Working mainly in oil, Lacey Lewis is an award winning contemporary realist figurative artist who paints in a classical style. Whether or not one is versed in the elusive language of visual design, Lacey’s paintings communicate to the viewer as she purposefully chooses recognizable aspects of reality to recreate on the canvas. It is vital to Lacey that her art at a minimum expresses the beauty that she observes in her subject. Often that expression of beauty is an end in and of itself. Other times, it is used as a lure to entice the viewer to look a little longer so that a deeper meaning or narrative may be revealed to them.
“I take it as an opportunity to learn about a person; their essence, where they’ve been, the image they project. I want to create a record of someone’s whole being, not just their physical likeness, through a beautiful and well composed work of art.”
Lacey offers Classes, Workshops & Private Lessons. Please click here to visit the instruction section of her website for more information.
Lacey’s artwork is available for purchase. You can buy her original paintings and drawings, or you can also purchase fine art Giclée prints of her work. Lacey also accepts commissions for figurative and portrait paintings.
Please click here to visit the purchase or commission section of her website for more information.
Figurative Oil Painting Tutorial By Lacey Lewis
“Amy Pinning Her Hair”
|After priming an 11 x 14 inch hardboard panel with acrylic gesso, I painted a mixture of raw sienna, ultramarine blue, titanium white and some medium across the surface and then wiped it with a rag. Next, I roughed in the figure and the shadows, indicating general plane changes especially on the back. Some pink flesh color was added and the dress was roughed in as well.|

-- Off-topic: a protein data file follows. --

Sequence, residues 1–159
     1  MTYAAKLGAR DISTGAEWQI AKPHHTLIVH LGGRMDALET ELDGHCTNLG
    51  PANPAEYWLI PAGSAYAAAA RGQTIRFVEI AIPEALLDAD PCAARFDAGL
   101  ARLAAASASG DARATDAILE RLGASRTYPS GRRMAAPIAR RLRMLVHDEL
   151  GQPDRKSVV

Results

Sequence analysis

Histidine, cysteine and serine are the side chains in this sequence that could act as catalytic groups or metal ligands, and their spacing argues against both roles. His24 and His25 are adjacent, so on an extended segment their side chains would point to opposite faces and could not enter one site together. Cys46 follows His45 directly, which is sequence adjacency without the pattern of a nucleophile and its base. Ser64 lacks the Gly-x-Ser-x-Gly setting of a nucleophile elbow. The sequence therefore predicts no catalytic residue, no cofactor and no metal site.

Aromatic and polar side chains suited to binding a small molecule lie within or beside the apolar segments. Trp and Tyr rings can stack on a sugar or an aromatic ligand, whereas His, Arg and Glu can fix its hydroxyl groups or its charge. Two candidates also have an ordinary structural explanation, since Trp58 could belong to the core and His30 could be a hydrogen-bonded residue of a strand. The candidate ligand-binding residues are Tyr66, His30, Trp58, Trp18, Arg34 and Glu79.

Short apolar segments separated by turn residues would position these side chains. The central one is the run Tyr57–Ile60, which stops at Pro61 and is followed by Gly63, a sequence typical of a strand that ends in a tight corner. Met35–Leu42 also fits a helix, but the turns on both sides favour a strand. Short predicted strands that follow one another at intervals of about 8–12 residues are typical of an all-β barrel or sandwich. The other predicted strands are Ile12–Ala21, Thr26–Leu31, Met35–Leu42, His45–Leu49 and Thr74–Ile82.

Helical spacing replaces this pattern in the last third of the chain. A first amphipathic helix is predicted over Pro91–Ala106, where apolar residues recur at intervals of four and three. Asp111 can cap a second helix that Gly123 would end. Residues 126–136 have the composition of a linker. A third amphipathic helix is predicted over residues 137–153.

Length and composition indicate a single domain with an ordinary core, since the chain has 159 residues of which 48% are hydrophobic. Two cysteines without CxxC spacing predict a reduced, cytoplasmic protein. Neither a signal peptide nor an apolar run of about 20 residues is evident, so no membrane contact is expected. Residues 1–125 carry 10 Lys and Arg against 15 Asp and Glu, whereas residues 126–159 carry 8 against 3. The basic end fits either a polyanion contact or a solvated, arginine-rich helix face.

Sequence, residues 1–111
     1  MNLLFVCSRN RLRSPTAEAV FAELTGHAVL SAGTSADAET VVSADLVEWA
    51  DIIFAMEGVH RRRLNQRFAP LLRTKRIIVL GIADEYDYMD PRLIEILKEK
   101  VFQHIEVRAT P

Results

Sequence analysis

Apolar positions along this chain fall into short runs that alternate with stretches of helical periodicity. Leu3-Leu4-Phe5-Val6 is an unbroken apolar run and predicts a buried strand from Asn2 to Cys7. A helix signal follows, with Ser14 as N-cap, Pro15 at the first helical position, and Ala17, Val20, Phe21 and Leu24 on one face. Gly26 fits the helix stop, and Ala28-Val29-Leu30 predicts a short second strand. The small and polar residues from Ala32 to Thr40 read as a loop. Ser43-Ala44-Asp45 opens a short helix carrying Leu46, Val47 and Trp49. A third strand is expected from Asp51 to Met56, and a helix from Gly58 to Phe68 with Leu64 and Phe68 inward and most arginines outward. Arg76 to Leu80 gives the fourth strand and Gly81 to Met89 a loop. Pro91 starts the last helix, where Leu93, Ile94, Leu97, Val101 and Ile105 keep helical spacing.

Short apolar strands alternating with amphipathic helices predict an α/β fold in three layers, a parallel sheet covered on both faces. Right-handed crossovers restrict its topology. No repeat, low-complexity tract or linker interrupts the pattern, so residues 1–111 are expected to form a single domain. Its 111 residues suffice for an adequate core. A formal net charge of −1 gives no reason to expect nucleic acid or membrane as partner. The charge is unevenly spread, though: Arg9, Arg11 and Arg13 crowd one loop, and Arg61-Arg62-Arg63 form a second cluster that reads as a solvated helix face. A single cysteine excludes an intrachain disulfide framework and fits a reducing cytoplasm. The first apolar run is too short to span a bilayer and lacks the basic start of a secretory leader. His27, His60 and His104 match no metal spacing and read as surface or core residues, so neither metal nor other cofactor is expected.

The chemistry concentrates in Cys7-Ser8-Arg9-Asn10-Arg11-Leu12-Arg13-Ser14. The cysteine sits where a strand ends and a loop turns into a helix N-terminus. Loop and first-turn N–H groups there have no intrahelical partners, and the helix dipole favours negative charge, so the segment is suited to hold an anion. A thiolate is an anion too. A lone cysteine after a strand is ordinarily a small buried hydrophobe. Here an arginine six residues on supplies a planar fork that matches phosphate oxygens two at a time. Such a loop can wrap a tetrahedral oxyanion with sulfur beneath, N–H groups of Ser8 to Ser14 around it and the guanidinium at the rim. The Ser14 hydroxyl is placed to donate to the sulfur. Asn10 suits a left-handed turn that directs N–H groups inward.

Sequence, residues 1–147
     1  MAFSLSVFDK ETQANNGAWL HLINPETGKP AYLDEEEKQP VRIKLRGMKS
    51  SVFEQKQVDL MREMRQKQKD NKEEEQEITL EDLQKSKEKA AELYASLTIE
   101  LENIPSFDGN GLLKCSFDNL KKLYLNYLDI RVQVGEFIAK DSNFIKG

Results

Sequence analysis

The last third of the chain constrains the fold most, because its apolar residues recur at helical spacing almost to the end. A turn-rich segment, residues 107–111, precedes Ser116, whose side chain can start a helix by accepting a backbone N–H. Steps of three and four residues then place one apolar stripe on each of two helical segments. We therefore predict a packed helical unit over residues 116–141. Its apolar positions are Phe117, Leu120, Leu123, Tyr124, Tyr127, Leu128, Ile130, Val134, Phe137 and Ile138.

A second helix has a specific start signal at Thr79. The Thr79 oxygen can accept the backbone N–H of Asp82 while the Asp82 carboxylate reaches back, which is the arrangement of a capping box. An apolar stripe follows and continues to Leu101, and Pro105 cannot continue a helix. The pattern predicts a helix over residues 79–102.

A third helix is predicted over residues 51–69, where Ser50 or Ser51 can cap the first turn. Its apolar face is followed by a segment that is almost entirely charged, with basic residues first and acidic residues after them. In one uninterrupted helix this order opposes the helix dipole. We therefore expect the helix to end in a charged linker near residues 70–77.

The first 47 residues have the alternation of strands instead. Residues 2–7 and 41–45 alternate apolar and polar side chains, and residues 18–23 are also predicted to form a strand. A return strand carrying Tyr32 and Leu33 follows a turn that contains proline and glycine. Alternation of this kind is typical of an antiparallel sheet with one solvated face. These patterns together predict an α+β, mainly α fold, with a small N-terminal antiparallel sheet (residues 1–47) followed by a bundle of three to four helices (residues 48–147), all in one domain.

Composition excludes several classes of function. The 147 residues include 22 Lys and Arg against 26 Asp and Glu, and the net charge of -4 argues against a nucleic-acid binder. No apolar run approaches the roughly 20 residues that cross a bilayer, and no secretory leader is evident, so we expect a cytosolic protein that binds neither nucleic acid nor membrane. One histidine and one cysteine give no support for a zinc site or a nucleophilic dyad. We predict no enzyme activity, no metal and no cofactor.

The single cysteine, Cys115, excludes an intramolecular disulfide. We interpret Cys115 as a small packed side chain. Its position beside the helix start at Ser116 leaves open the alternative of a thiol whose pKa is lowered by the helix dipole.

|During this session I focused on the near arm and face area, defining the forms more clearly. I added less diluted strokes of the burnt sienna/ultramarine blue/white mixture to the background to contrast with the warmth of the flesh.|
|Here the face is developed to a greater likeness of the subject and some areas are restated. Slight changes complete the background. The dress is painted in with thicker paint and the purple is used in the downward facing planes of the shadowed areas both to indicate reflected color and also to add to the unity of the work.|
|The forms get their final adjustments and definition. Some transitions are smoothed while others get a harder edge. The likeness is completed and the hairpins are added. As the dress color was added into the shadows on the flesh during the last session, skin tones are now added into dress to create a greater sense of form and unity. Finally, the signature is added.|
Oil on Panel, 14″ x 11″